Proposed Regulations on Large GHG Emitters
During the 27th Conference of the Parties to the United Nations Framework Convention on Climate Change, President Biden announced two proposed regulations on specific categories of large greenhouse gas (GHG) emitters, along with funding for multiple climate change initiatives. These regulations would impose specific measures to reduce methane emissions in the oil and gas industry and require contractors with large United States government contracts to disclose their annual GHG emissions and other key climate-related information.
Compared to the release of the proposal requiring certain SEC-registered companies to report GHG emissions and other climate change data, these regulations have received very little coverage. Regardless of the level of media attention, however, these regulations are posed to net significant climate change benefits and create more than a few risks and opportunities for the affected industries.
The Oil and Gas Methane Rule of 2022
The proposed oil and gas methane rule is not a stand-alone regulation. Rather it builds upon another rule from November 15, 2021, which proposed updates to 40 CFR Part 60 – Standards of Performance for New, Reconstructed, and Modified Sources and Emissions Guidelines for Existing Sources: Oil and Natural Gas Sector Climate Review. In other words, it imposes additional methane emissions controls on existing oil and gas operations in response to comments made on the ruling in November 2021 (which is not yet finalized). This proposed rule:
- Increases the range of sites subject to fugitive emissions monitoring and expands monitoring and detection requirements
- Includes measures to discourage abandonment of unplugged wells
- Limits the use of flares by requiring more gas be returned to use
- Imposes new regulations to three methane emitting devices/processes
- Creates a “super-emitter” response program to quickly identify large releases for mitigation
The White House estimates that this rule will reduce methane from United States oil and gas operations by 87 percent below a 2005 baseline, in conjunction with previously proposed and current rules. This would be a striking climate change “win” for an industry that has not had many opportunities—if industry leaders accept these changes to how they conduct operations.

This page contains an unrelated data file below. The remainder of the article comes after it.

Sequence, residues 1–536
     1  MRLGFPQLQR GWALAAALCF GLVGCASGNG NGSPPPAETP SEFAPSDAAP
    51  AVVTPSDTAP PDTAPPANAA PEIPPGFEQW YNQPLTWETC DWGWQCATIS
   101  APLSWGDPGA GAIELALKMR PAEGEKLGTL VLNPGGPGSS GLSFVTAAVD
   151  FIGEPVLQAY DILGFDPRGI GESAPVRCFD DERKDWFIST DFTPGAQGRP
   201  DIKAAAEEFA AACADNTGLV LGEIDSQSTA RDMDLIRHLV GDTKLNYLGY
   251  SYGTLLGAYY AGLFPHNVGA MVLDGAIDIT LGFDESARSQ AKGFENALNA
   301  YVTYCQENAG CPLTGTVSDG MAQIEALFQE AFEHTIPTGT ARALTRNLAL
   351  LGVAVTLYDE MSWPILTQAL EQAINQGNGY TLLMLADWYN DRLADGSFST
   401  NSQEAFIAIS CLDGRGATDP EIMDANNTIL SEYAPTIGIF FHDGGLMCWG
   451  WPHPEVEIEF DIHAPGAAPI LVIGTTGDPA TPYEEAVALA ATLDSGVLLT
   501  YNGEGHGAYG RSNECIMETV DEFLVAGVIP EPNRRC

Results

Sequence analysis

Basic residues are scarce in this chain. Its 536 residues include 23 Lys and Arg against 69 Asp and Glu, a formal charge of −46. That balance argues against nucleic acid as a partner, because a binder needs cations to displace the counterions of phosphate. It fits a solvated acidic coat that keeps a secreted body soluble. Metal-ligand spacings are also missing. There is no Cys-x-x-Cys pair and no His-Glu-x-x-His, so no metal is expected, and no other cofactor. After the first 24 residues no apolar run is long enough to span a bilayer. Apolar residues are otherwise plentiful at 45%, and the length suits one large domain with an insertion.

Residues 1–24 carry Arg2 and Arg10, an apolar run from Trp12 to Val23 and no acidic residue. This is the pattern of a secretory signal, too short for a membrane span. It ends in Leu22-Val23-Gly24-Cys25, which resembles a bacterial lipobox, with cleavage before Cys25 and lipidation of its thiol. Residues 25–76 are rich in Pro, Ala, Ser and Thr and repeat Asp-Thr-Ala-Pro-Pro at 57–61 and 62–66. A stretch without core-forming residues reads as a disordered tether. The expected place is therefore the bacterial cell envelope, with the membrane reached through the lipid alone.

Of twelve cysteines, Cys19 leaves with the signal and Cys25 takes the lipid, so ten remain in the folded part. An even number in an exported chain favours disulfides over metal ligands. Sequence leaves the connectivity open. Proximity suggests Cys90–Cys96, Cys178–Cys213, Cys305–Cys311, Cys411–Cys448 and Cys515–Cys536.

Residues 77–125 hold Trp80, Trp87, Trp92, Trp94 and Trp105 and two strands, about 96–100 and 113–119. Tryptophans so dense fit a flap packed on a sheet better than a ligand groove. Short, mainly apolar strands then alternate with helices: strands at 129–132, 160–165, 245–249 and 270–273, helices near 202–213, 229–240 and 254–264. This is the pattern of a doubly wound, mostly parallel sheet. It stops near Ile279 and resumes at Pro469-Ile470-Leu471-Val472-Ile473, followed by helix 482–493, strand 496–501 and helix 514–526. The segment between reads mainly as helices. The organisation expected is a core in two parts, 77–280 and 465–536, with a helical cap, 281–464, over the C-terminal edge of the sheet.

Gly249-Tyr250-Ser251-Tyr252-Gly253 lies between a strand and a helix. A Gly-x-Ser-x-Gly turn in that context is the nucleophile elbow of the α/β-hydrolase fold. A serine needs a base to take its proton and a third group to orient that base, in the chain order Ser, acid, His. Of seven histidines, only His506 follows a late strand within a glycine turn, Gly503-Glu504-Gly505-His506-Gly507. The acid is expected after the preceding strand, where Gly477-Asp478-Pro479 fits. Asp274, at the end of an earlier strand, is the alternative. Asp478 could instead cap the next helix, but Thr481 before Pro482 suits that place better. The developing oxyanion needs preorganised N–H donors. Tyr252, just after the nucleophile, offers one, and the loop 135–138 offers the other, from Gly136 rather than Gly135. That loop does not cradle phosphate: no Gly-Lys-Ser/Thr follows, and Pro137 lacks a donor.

On November 28, 2022, shortly after this rule was proposed, the U.S. Department of the Interior, Bureau of Land Management proposed a rule requiring upgrades to pneumatic equipment, leak detection and repair programs, waste minimization programs, and monthly limits on flaring from oil and gas facilities located on federal public lands.
The Federal Supplier Climate Risks and Resilience Rule
The proposed rule is seen as an integral part of the Federal Sustainability Plan, which aims to achieve net-zero emissions in United States government procurement by 2050.
The rule would require large suppliers of the Department of Defense, General Services Administration, and NASA to publicly disclose their GHG inventory and climate-related financial risk pursuant to the Task Force on Climate-Related Financial Disclosures (TCFD) standard.
It would also require the suppliers to set targets to reduce their GHG emissions pursuant to the Science Based Targets Initiative (SBTi) standard, subject to validation by SBTi. Only “major contractors” (annual federal obligations of more than $50 million) would be subject to all requirements. “Significant contractors” (annual federal obligations of more than $7.5 million up to $50 million) would be subject to disclosing their GHG inventories, and would not be required to use the CDP (formerly the Carbon Disclosure Project) platform. Contractors with annual federal obligations of less than $7.5 million would have no disclosure requirements.
This proposed rule is broader than the previous SEC disclosure rule because it requires the disclosure of GHG emissions and the implementation of GHG emissions reduction targets. This proposed rule would make the United States the first national government in the world to require major suppliers to set GHG emissions reduction goals aligned with the Paris Agreement. The CDP ESG reporting requirement is also new to this proposed rule, which could lead to expansion of disclosure requirements.
When announcing this proposed rule, the White House stated that over half of the contractors who would be subject to disclosure requirements already do so. However, while many file ESG reports with GHG inventories, they do not necessarily disclose climate change risk pursuant to the TCFD standard and have yet to commit to reduction targets pursuant to the SBTi standard. Additionally, SBTi withdrew its guidelines for oil and gas targets, making target setting for this industry impractical, at least temporarily.
Despite any pushback against these requirements, this proposed rule certainly amplifies the position that companies in the United States should adopt long-established international standards for GHG and other ESG-related disclosures. This encourages some degree of consistency and comparability in an area where little exists.
Leslie Wong specializes in ESG strategy/disclosure, energy efficiency, and carbon accounting. She has 30 years of experience in environmental management with a specific focus on ESG services over the past 15 years.